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One devastating question convinced Taylor Swift to speak out on LGBT rights

Nick Duffy August 9, 2019
Todrick Hall and Taylor Swift pose backstage at the hit musical Kinky Boots on Broadway at The Al Hirschfeld Theater on November 23, 2016 in New York City.

Todrick Hall and Taylor Swift pose backstage at the hit musical Kinky Boots on Broadway at The Al Hirschfeld Theater on November 23, 2016 in New York City. (Bruce Glikas/Getty)

Taylor Swift has revealed that one “devastating” question from her friend Todrick Hall convinced her to speak out more for LGBT+ equality.

The former country singer has shed her long-maintained apolitical public persona over the past year, making high-profile donations to LGBT+ charities and urging fans to join a campaign for equal rights laws.

In an interview with Vogue published on Thursday (August 8), the singer explained that she realised she need to be more vocal after a conversation with “Twerking in the Rain” singer Todrick Hall.

One question from Todrick Hall convinced Taylor Swift to speak out

She explained: “Maybe a year or two ago, Todrick and I are in the car, and he asked me, ‘What would you do if your son was gay?’

“The fact that he had to ask me…shocked me and made me realise that I had not made my position clear enough or loud enough.

“If my son was gay, he’d be gay. I don’t understand the question.”

She added: “If he was thinking that, I can’t imagine what my fans in the LGBTQ community might be thinking.

“It was kind of devastating to realise that I hadn’t been publicly clear about that.”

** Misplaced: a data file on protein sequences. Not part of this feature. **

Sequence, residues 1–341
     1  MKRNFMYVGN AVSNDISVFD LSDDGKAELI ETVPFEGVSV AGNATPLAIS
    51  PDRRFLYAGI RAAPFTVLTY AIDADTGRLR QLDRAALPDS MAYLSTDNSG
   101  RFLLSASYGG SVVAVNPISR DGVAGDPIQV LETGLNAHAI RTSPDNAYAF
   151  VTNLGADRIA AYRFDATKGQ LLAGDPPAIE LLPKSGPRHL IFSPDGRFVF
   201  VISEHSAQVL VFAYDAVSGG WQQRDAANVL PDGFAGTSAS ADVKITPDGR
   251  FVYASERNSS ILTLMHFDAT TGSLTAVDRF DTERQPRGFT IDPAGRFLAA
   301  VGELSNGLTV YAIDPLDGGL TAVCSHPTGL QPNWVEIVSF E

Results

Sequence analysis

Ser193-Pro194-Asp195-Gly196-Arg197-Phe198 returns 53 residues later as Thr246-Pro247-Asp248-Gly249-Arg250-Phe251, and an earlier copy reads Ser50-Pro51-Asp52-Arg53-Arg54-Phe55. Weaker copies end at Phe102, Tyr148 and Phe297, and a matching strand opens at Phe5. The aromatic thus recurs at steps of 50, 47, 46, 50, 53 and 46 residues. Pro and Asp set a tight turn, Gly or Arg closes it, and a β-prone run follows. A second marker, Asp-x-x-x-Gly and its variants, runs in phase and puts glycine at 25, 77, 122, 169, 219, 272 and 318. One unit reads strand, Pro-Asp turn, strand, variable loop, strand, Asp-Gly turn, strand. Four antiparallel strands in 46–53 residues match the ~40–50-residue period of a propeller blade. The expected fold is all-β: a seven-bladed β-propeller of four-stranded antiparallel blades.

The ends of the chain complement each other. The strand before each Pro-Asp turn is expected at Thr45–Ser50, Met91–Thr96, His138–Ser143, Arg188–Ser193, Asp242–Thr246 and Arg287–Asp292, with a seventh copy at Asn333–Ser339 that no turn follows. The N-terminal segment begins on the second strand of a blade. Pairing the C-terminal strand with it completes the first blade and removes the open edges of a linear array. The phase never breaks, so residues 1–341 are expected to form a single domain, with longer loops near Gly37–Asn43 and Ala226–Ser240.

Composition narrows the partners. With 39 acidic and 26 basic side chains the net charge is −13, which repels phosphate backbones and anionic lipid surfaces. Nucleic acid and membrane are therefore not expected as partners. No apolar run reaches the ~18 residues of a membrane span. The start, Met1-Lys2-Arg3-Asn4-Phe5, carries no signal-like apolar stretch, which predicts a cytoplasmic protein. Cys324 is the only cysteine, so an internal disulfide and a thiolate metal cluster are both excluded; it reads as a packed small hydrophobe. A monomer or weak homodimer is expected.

Todrick Hall as Lola and Taylor Swift pose backstage at the hit musical "Kinky Boots" on Broadway at The Al Hirschfeld Theater on November 23, 2016 in New York City.
Todrick Hall as Lola and Taylor Swift pose backstage at the hit musical “Kinky Boots” on Broadway at The Al Hirschfeld Theater on November 23, 2016 in New York City. (Bruce Glikas/Getty)

The singer would go on to collaborate with Todrick Hall on her “You Need to Calm Down” music video, which showcases a diverse range of queer talent.

She added: “Rights are being stripped from basically everyone who isn’t a straight white cisgender male.

“I didn’t realise until recently that I could advocate for a community that I’m not a part of.”

She added: “”It’s hard to know how to do that without being so fearful of making a mistake that you just freeze. Because my mistakes are very loud.

“When I make a mistake, it echoes through the canyons of the world. It’s clickbait, and it’s a part of my life story, and it’s a part of my career arc.”

Taylor Swift explains why she didn’t endorse Hillary Clinton

Swift also opened up about why she failed to back Donald Trump’s opponent Hillary Clinton in 2016, unlike many other celebrities.

She told Vogue: “Unfortunately in the 2016 election you had a political opponent who was weaponizing the idea of the celebrity endorsement.

“He was going around saying, ‘I’m a man of the people. I’m for you. I care about you.’ I just knew I wasn’t going to help.”

Referencing her very public feud with Kim Kardashian and Kanye West, she added: “The summer before that election, all people were saying [about me] was ‘She’s calculated. She’s manipulative. She’s not what she seems. She’s a snake. She’s a liar.’

“These are the same exact insults people were hurling at Hillary. Would I be an endorsement or would I be a liability? ‘Look, snakes of a feather flock together. Look, the two lying women. The two nasty women.’

“Literally millions of people were telling me to disappear. So I disappeared. In many senses.”

Swift took an explicit political stance during the 2018 midterms, however, and was credited in helping drive registration up among young voters.

More: LGBT, taylor swift, Todrick Hall

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